Consideration of factors other than the materials themselves is noteworthy at this point. FIGURE 3 illustrates the effect of pressure on an 8 mil thick ethylene vinyl acetate copolymer closure film during sealing and the direction of peel on the ultimate scalability of peel strengths of this material. Under higher sealing pressures, the closure material will be extruded or squeezed away from the area directly under the sealing bar. This extrusion can best be described as forming a bead around the seal area. The existence of this bead around the seal results in significantly greater peel strength when the seal is pulled normal to the seal than when it is peeled parallel to the seal. This variance of peel strength with the direction of the seal is of extreme value because stresses which may break the seal while the package is in transit or storage will occur normal to the seal which is the seals strongest point; while efforts of the consumer to open the package will stress the seal at its weakest point (parallel to the seal). This situation is advantageous both from a shipping or storage and ease of opening standpoint. It results in a situation of having strength where strength is needed and weakness where weakness is desirable. Further examination of FIGURE 3 shows that a pressure of 30 p.s.i.g. will decrease the sealing time about 0.6 second which demands a compromise between strength of seal and machine time and temperature variances. The strength of a peelable seal is proportionate to the area over which the material is sealed. For example, a seal i/2 inch wide will have greater peel strength than one A inch Wide. Therefore, for a peelable seal, the area seal should be the maximum feasible for a given container because it will provide additional resistance to rupture, and a strong .peel to insure the consumer that the contents are securely packaged fresh.
Referring now to FIGURES 4 and 5, there is shown a dispensing container in accordance with the instant invention designated generally by reference character 10, having a receptacle well 12, a base 14, and a wall 16 around the periphery of said base which extends upwardly therefrom. The upper portion of wall 16 has outwardly projecting lip 18. Sealed over the open end of container 10 is closure 20. The sealing area is designated by reference character 22. The bead formed by extrusion or squeezing away of the closure material under the high sealing pressures is designated by reference character 24.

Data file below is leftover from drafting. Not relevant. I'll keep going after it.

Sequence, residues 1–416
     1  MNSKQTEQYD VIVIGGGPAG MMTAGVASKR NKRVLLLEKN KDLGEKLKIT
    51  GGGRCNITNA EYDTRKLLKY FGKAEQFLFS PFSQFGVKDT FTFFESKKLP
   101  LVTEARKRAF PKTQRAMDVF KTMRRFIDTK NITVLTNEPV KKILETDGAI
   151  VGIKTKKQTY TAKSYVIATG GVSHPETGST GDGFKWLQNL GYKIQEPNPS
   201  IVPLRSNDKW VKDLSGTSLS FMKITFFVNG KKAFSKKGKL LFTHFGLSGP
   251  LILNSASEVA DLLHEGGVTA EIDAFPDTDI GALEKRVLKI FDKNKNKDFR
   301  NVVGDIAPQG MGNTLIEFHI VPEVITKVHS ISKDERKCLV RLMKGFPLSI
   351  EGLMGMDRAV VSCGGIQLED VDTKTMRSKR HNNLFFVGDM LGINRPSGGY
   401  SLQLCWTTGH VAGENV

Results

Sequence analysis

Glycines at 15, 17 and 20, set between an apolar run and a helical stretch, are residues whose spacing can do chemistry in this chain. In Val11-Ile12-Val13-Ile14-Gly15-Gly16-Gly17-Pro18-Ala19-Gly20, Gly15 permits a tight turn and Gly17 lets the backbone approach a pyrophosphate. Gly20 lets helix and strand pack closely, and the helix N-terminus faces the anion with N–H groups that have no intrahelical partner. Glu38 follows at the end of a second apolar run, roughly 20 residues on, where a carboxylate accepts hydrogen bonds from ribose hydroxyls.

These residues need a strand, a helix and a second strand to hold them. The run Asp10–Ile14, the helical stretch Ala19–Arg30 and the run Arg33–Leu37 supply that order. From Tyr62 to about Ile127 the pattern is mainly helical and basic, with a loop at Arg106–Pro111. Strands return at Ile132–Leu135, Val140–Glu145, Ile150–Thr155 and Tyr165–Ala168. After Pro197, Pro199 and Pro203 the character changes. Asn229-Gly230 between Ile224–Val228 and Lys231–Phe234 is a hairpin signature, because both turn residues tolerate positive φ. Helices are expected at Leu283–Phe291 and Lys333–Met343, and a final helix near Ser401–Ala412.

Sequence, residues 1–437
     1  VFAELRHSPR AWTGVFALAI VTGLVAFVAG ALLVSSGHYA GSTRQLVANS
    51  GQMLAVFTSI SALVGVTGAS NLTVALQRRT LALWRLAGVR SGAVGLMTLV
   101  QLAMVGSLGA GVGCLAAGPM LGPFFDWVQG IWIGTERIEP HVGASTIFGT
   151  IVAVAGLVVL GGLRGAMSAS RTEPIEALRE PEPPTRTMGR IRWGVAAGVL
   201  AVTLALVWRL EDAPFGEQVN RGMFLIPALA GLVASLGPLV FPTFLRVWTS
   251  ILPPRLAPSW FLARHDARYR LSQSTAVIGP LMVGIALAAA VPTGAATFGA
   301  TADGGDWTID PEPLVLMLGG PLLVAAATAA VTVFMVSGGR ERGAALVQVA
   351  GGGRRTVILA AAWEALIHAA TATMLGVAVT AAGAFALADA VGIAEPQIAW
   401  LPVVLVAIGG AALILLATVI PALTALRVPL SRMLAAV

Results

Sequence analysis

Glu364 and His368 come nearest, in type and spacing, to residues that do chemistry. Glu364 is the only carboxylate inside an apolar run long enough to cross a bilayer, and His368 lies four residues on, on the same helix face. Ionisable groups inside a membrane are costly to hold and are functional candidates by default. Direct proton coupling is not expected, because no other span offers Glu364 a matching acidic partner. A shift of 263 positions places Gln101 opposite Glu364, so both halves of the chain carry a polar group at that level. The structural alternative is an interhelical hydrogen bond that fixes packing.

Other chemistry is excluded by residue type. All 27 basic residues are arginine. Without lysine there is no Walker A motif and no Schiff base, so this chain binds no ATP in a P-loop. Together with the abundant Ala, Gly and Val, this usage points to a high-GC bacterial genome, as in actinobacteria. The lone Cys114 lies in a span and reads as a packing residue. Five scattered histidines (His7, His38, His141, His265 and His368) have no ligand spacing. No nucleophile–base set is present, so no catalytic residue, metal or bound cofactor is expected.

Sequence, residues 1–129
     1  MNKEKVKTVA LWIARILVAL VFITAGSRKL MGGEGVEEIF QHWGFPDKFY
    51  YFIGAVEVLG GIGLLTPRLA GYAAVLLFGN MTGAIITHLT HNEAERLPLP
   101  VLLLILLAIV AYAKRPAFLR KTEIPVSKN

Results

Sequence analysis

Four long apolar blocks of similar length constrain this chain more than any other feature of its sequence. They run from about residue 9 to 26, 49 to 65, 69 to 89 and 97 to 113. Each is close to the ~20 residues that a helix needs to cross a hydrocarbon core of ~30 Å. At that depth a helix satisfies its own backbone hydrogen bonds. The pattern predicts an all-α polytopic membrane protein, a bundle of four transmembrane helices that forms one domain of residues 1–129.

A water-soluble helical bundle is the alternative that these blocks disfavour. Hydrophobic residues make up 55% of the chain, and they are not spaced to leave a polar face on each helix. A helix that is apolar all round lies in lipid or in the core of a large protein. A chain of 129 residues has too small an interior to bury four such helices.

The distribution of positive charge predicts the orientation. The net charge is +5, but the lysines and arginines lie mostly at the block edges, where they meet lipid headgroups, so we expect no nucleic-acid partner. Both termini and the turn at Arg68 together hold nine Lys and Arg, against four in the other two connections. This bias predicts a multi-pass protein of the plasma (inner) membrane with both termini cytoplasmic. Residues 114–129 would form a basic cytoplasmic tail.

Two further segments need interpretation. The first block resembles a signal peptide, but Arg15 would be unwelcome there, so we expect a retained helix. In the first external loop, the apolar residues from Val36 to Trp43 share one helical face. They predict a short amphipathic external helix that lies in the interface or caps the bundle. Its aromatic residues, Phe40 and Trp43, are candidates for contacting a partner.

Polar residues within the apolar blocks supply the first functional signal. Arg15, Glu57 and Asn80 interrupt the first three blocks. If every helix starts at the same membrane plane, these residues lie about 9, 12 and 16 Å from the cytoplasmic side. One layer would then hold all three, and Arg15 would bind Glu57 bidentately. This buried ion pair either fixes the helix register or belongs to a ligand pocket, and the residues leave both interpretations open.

Many types of sealing apparatus may be utilized for creating a thermal peelable seal. However, thermal Sealers with a wide sealing area will be most satisfactory.
In order to better illustrate this invention, the following examples are provided.
EMMPLE I High density polyethylene containers having 0.95 mg./ cc. as determined by ASTM D-792 density were utilized as containers. Eight mil thick films of polyvinyl chloride, polyvinyl acetate, cellophane, polystyrene, Mylar (trademark for a condensation product of ethylene glycol and terephthalic acid), and Saran (trademark for polyvinylidene chloride) were secured and each placed in intimate contact with a container of the above-mentioned polyethylene. Attempts were then made to seal the abovementioned intimately contacted materials with a 1A inch thermal sealing bar from range of 325 F. to 525 F. Differential melting was accomplished with the polyvinyl acetate, polystyrene, Mylar* and Saran; however, it was found that the above-mentioned films would not adhere to the high density polyethylene. The cellophane decomposed when placed in contact with the thermal sealing bar. Therefore, no peelable seals resulted.
EXAMPLE II A container made of .95 density polyethylene was used in this run with a 4 mil thick sheet of ethylene Vinylacetate lm containing 22 percent by weight vinylacetate. It was found that a peelable seal was formed `between the two substances in a temperature range of 325 to 375 F. at a dwell time of 1 second. It was also found that peelable seals resulted between the temperature of 375 to 425 F. and a dwell time of .7 second and between the temperature of 525 and 575 F. at a dwell time of .3 second.
EXAMPLE III Eight mil films of ethylene Vinylacetate copolymer containing 20 percent by weight vinyl acetate, and low density polyethylene having a density of 0.917 as determined by ASTM D-792 were placed in intimate contact with polyethylene containers of density 0.95 gm./cc. as determined yby ASTM D-792 and heated with a thermal sealing bar. It was found that peelable seals resulted in all materials at temperature ranges from 325 to 400 F, at dwell times from less than 1 second to 7 seconds.